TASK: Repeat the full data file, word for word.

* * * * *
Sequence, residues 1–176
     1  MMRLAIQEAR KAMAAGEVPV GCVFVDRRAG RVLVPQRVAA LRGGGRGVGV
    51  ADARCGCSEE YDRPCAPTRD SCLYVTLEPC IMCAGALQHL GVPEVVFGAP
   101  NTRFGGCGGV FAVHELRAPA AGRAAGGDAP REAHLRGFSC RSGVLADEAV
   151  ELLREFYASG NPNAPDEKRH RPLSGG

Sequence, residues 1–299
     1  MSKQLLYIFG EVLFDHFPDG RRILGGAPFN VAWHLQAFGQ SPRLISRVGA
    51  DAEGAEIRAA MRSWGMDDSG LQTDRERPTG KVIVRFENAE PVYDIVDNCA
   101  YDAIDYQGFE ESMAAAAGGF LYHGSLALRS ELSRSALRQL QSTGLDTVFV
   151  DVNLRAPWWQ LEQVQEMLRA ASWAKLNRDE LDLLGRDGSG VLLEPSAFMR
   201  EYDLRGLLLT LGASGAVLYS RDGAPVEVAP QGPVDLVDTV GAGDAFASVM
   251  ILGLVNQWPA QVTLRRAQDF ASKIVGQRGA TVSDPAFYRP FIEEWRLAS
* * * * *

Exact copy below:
Sequence, residues 1–176
     1  MMRLAIQEAR KAMAAGEVPV GCVFVDRRAG RVLVPQRVAA LRGGGRGVGV
    51  ADARCGCSEE YDRPCAPTRD SCLYVTLEPC IMCAGALQHL GVPEVVFGAP
   101  NTRFGGCGGV FAVHELRAPA AGRAAGGDAP REAHLRGFSC RSGVLADEAV
   151  ELLREFYASG NPNAPDEKRH RPLSGG

Sequence, residues 1–299
     1  MSKQLLYIFG EVLFDHFPDG RRILGGAPFN VAWHLQAFGQ SPRLISRVGA
    51  DAEGAEIRAA MRSWGMDDSG LQTDRERPTG KVIVRFENAE PVYDIVDNCA
   101  YDAIDYQGFE ESMAAAAGGF LYHGSLALRS ELSRSALRQL QSTGLDTVFV
   151  DVNLRAPWWQ LEQVQEMLRA ASWAKLNRDE LDLLGRDGSG VLLEPSAFMR
   201  EYDLRGLLLT LGASGAVLYS RDGAPVEVAP QGPVDLVDTV GAGDAFASVM
   251  ILGLVNQWPA QVTLRRAQDF ASKIVGQRGA TVSDPAFYRP FIEEWRLAS